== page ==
the m john harrison blog

Month: March, 2018

from the Ionic temple to the Chinese bridge

I’m not here much at the moment because I’m working, but stay around for news, reviews & announcements, one of which might be quite weird, details of gigs, etc. Meanwhile here’s a bit of the new novel–

They missed one another in the car park, and again at both lakes. For half an hour Victoria hiked about in the woodland. Every little hill or valley looked like an idea of itself developed from some barely-disguised digital framework. The paths, soft for the time of year, draped themselves along the contour from the Ionic temple to the Chinese bridge and thence to the Orangery.

There was no sign of Alice in any of these places. Neither was she to be found in the Jack Mytton Gallery, lost in thought among the silver toilet services, woodcuts of rolling winter plough and lively contemporary bronzes of hares with exaggerated ears; and when Victoria did track her down, it was to the centre of the rose garden, where she lounged at the edge of the rectangular pool with her shoes off, her feet wet and her legs stretched out in front of her, gazing with a broad dreamy smile on her face at a wall covered in blush pink centifolias into which some kind of exotic clematis had woven itself. Behind her, a diminishing perspective of standard roses blazed like lamps; while a man in a tweed coat bent down to pat a box hedge as if congratulating it. “This is solid!” he called to someone they couldn’t see. “This’ll have been here a few years!” From two gardens away, one of the Childe peacocks screamed in glee.

Alice shaded her eyes and blnked up at Victoria “It reminds me of being seven,” she said, “when the whole world looked like this.” She sat up and dipped her feet in the water, watched intently the glittering eddies that whirled off across the surface. “Don’t you remember when everything looked like this?”

Victoria shrugged. “People always think that.” She could see her own face in the pool, of course; and beneath that something overgrown.

“Tell me you haven’t been wading about in here,” she said.

There was some suggestion that they should go and eat a pub meal down by the river, but the afternoon had left her tired and a little anxious. So she dropped the waitress off in town and went home, where she had baked beans on toast and wrote an email to Short.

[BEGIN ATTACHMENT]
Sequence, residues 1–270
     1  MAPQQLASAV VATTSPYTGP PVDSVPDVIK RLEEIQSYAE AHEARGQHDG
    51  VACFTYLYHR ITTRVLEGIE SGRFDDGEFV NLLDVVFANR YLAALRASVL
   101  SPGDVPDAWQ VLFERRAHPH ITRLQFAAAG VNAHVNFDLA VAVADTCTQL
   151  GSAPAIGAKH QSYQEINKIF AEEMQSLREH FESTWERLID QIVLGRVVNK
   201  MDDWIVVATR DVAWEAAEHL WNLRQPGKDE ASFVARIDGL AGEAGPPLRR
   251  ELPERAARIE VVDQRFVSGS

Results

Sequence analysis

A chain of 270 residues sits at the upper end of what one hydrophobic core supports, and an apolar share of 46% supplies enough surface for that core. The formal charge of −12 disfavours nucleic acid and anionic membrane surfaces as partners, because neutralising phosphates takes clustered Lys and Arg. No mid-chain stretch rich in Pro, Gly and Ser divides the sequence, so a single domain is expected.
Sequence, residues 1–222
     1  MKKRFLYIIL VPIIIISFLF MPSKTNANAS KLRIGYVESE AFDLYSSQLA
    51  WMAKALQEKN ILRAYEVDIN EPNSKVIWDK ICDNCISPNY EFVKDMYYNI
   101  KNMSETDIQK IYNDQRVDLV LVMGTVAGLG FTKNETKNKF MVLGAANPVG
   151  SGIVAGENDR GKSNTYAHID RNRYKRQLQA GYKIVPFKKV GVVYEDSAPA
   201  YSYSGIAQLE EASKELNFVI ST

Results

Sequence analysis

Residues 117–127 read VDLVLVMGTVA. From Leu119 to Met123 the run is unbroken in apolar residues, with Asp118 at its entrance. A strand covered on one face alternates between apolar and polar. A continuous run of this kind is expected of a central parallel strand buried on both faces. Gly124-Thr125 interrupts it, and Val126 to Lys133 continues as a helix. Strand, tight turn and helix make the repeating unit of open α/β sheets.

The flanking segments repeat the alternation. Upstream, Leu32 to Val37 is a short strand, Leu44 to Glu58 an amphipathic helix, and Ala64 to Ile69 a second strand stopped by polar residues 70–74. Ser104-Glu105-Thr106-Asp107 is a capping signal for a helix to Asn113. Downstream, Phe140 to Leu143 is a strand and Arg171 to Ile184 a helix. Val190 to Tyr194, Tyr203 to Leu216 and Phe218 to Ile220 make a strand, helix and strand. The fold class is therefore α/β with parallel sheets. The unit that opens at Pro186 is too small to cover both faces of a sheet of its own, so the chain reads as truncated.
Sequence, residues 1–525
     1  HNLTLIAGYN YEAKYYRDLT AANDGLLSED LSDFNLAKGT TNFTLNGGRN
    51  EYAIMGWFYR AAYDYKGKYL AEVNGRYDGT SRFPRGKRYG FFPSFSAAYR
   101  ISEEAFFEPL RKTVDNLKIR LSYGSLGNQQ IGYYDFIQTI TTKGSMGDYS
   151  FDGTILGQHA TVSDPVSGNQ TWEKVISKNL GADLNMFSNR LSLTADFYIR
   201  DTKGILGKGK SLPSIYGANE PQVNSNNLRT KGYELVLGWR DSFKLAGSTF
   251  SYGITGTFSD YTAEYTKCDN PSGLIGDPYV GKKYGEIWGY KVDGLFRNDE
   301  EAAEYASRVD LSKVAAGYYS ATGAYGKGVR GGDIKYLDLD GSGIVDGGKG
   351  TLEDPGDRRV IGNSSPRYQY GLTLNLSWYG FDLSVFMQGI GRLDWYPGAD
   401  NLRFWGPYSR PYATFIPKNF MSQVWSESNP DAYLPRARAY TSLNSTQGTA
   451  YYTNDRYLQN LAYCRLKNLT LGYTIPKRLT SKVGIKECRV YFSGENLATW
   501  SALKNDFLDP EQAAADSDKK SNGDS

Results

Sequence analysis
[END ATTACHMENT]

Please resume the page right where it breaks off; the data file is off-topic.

“You never saw so many roses in one place! As for Alice, she has her own aesthetic, Rosie the Riveter meets Jaqueline Kennedy and they talk about everything in the world but men. I quite like that. Of course, she’s a bit of a mystery.” Admitting this to herself made her think for a moment before going on: “My new discovery is, the whole family used to live next door! I haven’t a clue who any of them are, really. But they knew my mum–or so they say. And here I am, alone in a new town. So in those circumstances what is a woman to do?

“Anyway,” she finished, “In the end I didn’t buy anything. I couldn’t make up my mind.”

Then she pressed Delete and went to sleep.

You can always come with me now, of course; or find me on Twitter, @mjohnharrison.

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the real dream

I dreamed of being in love with an airline pilot. I was younger than I am now. She was tall and full of life. Her father, a short man who had flown jet fighters in the Falklands, came out against the affair. He hated me because I was only a passenger and I had been late on to the plane. My papers weren’t fully in order, which caused one hold up; after which there was something to do with pills, which caused another. I had hurt my left hand climbing. Trying to be cheerful with everyone, I said: “These gritstone abrasions are always slow to heal.” But really, the thumb and part of the hand were missing and the exposed flesh had gone an odd colour. Inside the various cracks and fissures of the wound, so that they looked as if they were interleaved with strips of raw bacon, were strange creamy looking blobs of something. I didn’t want to acknowledge this but in the end I had to look. They were small, slim, white crocuses, growing in tight clusters in my hand. When I woke up it was snowing again.

“there are goats richer than us”

1491. Oakham, a fictional village just outside Bruton in Somerset, is a dump. Its villagers are a rowdy, bad-luck menagerie of “scrags and outcasts”. A row of poor harvests has devastated their investment in arable farming. Isolated in a bend of the river, they need a bridge to the outside world. The surrounding villages are getting rich on imported sugar and the new sugar products; they’re still getting rich on wool–while even in that established trade Oakham lags technologically, spinning with distaff and spindle, fulling the wool by foot. “There are goats richer than us,” John Reve, the local priest, ruefully admits. Then, a few days before the beginning of Lent, a corpse snags briefly on a fallen tree in the river, then vanishes… Read the rest of my review of Samantha Harvey’s The Western Wind here.

did you see him

I saw him too! He was with his cat. The cat–it was white–was keeping three feet ahead and about five to the side, in the angle between the wall and the street. I’m glad you saw them, and especially there. I daydream about the light there this time of year. I can’t quite understand why I’m not there now. It’s an enchanted venue more than any other. You hear the music two streets away. You look up and see soot. A church. Trees, feathered against the sky like something real. The world is just completely perfect, completely completed. The minotaur hides in the maze, the maze hides in itself. Look down at your hands, so cold you can hardly open them. Time to go now, it will all be there for you again tomorrow. It’s a noticeboard with just so much of everything written on it, we must somehow preserve that. We’re brave enough but we have to make such tragic assumptions.

You Should Come With Me Now